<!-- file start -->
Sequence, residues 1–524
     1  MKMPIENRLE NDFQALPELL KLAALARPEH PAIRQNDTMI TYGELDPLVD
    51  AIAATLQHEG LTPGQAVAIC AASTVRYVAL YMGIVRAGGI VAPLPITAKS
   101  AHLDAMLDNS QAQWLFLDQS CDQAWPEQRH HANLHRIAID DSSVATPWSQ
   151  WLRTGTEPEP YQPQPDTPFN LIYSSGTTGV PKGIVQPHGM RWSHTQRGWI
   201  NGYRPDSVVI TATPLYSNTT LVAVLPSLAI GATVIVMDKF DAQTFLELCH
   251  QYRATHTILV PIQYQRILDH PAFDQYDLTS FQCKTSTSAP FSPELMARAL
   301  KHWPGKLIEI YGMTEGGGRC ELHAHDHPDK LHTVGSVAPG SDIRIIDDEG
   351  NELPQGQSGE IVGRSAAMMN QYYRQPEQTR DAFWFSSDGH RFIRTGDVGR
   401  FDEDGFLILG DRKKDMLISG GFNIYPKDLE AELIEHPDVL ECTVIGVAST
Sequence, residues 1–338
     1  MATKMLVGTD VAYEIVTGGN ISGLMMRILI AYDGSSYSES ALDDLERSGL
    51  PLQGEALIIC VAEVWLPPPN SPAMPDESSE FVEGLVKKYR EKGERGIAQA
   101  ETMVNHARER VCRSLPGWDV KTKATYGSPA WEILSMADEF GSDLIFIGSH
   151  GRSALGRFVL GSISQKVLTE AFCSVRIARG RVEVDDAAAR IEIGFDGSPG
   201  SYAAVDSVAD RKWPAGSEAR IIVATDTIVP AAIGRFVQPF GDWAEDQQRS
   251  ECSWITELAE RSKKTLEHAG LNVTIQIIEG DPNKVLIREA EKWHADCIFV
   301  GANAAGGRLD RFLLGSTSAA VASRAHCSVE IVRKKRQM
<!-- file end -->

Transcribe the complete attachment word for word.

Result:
Sequence, residues 1–524
     1  MKMPIENRLE NDFQALPELL KLAALARPEH PAIRQNDTMI TYGELDPLVD
    51  AIAATLQHEG LTPGQAVAIC AASTVRYVAL YMGIVRAGGI VAPLPITAKS
   101  AHLDAMLDNS QAQWLFLDQS CDQAWPEQRH HANLHRIAID DSSVATPWSQ
   151  WLRTGTEPEP YQPQPDTPFN LIYSSGTTGV PKGIVQPHGM RWSHTQRGWI
   201  NGYRPDSVVI TATPLYSNTT LVAVLPSLAI GATVIVMDKF DAQTFLELCH
   251  QYRATHTILV PIQYQRILDH PAFDQYDLTS FQCKTSTSAP FSPELMARAL
   301  KHWPGKLIEI YGMTEGGGRC ELHAHDHPDK LHTVGSVAPG SDIRIIDDEG
   351  NELPQGQSGE IVGRSAAMMN QYYRQPEQTR DAFWFSSDGH RFIRTGDVGR
   401  FDEDGFLILG DRKKDMLISG GFNIYPKDLE AELIEHPDVL ECTVIGVAST
Sequence, residues 1–338
     1  MATKMLVGTD VAYEIVTGGN ISGLMMRILI AYDGSSYSES ALDDLERSGL
    51  PLQGEALIIC VAEVWLPPPN SPAMPDESSE FVEGLVKKYR EKGERGIAQA
   101  ETMVNHARER VCRSLPGWDV KTKATYGSPA WEILSMADEF GSDLIFIGSH
   151  GRSALGRFVL GSISQKVLTE AFCSVRIARG RVEVDDAAAR IEIGFDGSPG
   201  SYAAVDSVAD RKWPAGSEAR IIVATDTIVP AAIGRFVQPF GDWAEDQQRS
   251  ECSWITELAE RSKKTLEHAG LNVTIQIIEG DPNKVLIREA EKWHADCIFV
   301  GANAAGGRLD RFLLGSTSAA VASRAHCSVE IVRKKRQM